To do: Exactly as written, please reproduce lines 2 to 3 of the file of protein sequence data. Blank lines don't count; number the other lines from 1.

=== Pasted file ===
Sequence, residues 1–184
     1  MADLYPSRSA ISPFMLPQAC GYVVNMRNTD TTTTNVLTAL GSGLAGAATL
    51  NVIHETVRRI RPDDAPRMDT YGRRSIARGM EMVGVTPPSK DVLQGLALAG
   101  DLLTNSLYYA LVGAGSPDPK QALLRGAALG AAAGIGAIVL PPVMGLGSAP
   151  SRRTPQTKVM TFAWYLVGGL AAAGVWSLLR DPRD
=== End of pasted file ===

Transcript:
     1  MADLYPSRSA ISPFMLPQAC GYVVNMRNTD TTTTNVLTAL GSGLAGAATL
    51  NVIHETVRRI RPDDAPRMDT YGRRSIARGM EMVGVTPPSK DVLQGLALAG